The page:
Best logo fonts – small helpful tips

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It is evident how much a logo can make or break the enterprise that is associated with it: sometimes, logos get so famous that they become the “status symbol” that represents the company, or that people love to flaunt even if the product they are purchasing is not from that company: the Playboy bunny has become a pop culture symbol, just like the Lacoste crocodile, or Apple’s apple.

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However, it might be a bit more difficult to see how the font of a logo can make or break the company, but I will give you a quick pointer: think about Coca Cola, or Disney. Both have a typographic logo with a font that is so recognizable that we recognize them even when used for other purposes, for example, t-shirts with phrases written using the Disney logo.

Fonts are incredibly important to create your brand personality, too, specially if your logo is typographic, and sometimes you can’t simply pay a professional to decide on a font for you. In this article we are going to give you some tips so you can just go download free fonts on fontsly.com and get to finding a font that matches your brand image.

For starters, to decide on a font for your logo, you need to decide what’s your “brand image” (the way your brand is projected onto the world, the main colours that are going to be associated with your brand, etc), and “brand personality” (the way your customers see and experience your brand). Do you want to create a strong, cool, professional brand ? Do you want your brand to have an approachable, friendly, down to Earth image ? Once you have your brand image and brand personality ready, you probably will be able to choose which kind of font will fit your needs better.

For example, if your brand image is that of a professional enterprise that dominates the field, you are probably looking for a font that is full of straight lines and is not too ornate. Sans-serif typeface fonts can help you with this, some of them are of course Sans-serif, Futura, Univers (the one used in the FedEx logo), Horizon, among many others.

fedex-logo-photo

However, if your brand image is more classy, elegant and to the point yet still warm, you probably are looking for a font that is a bit more ornate and gives a feeling of luxury and class. For this, typefonts like Serif can give you that vibe that you need: fonts like Garamond (like American Eagle Outfitters), Didot, Neue Swift, Modesto or Revista are going to help you get a feeling of elegance and high class, without being too cold or unapproachable.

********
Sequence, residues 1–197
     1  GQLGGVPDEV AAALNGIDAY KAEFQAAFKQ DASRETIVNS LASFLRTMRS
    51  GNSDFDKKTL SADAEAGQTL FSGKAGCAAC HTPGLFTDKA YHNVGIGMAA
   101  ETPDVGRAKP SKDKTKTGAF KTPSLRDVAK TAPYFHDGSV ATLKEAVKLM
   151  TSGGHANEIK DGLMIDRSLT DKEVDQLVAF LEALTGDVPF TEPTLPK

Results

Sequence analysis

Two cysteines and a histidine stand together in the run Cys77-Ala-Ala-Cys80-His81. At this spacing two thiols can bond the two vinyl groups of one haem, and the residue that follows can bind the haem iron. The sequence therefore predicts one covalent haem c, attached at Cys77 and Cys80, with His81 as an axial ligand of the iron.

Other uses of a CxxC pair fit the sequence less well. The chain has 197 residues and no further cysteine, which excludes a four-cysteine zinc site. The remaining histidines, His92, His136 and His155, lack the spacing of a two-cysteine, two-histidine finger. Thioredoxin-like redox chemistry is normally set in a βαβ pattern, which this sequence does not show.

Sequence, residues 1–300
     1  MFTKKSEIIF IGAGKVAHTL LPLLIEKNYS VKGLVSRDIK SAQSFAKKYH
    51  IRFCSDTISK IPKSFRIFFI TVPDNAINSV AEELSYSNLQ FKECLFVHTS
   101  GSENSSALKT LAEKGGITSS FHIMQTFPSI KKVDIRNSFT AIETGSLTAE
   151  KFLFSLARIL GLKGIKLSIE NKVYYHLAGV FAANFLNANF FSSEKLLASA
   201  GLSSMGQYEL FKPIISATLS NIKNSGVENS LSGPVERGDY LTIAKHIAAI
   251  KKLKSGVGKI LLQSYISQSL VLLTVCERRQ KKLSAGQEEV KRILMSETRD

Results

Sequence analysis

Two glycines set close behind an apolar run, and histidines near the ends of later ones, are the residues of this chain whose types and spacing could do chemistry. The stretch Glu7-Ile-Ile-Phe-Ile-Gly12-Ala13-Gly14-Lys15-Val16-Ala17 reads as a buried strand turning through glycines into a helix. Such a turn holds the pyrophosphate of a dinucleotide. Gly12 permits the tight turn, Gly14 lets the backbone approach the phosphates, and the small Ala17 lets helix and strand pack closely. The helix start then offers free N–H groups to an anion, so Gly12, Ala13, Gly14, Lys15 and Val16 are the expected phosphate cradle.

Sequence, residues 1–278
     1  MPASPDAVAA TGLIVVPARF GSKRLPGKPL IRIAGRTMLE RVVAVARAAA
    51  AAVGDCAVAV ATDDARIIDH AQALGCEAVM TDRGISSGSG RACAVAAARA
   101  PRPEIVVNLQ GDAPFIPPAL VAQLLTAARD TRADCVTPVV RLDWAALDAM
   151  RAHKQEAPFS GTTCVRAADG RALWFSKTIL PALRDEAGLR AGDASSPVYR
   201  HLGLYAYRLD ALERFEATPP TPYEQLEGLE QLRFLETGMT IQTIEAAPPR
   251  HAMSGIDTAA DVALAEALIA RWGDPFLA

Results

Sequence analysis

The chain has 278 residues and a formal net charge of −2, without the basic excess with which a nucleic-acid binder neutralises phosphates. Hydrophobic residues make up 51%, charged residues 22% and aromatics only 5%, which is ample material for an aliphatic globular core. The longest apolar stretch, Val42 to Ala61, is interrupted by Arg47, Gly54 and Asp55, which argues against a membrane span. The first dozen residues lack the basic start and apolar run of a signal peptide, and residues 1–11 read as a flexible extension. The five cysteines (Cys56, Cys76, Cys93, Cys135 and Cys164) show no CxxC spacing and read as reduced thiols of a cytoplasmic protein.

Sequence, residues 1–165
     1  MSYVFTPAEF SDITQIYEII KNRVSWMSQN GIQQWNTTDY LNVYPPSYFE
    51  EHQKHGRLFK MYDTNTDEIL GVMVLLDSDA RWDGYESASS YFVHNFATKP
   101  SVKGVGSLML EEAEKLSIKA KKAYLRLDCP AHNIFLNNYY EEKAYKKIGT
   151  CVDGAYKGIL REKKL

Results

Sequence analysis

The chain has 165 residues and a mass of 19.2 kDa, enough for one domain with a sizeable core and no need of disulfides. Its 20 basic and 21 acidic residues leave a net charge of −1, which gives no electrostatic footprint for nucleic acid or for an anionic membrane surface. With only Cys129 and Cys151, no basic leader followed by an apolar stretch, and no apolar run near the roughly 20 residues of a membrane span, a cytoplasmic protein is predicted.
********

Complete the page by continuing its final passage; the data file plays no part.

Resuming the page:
american-eagle-photo

However, if your brand is friendly, bubbly, cozy and warm you are looking at a much bigger choice, because this feelings can easily be conveyed through many different font typefaces. You are going to find fonts that fit your image in Sans-serif, serif, script and many others. We can recommend you some original ones like Foco, Tondo (as shown in the picture), Steak, Sassoon, among many others. With a lot of options for creativity comes a lot of options for choices and a lot of research, so go to fontsly.com and get down to business !

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To conclude, another little tip that can help you make or break your brand image: it is OK to use several different fonts in your logo. We recommend that you limit yourself to two or three maximum though, because using too many fonts is just a recipe for disaster. You need to make sure the fonts match and look good together, too, so using the same typeface is already a good indication that they will look good (since they have a similar style). However, if you want to combine different typefaces, follow this advice: the main biggest font is the one that is going to represent your brand the best, so it is not a bad idea to combine a big bold font with a smaller, subtle serif font. Another great idea is combining different versions of the same font: italics, caps or bold, and avoid combining two statement fonts in the same logo because it can make your brand look too aggressive.

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Summary
Title
Best logo fonts - small helpful tips
Description
It is evident how much a logo can make or break the enterprise that is associated with it: sometimes, logos get so famous that they become the "status symbol" that represents the company, or that people love to flaunt even if the product they are purchasing is not from that company: the Playboy bunny has become a pop culture symbol, just like the Lacoste crocodile, or Apple's apple.

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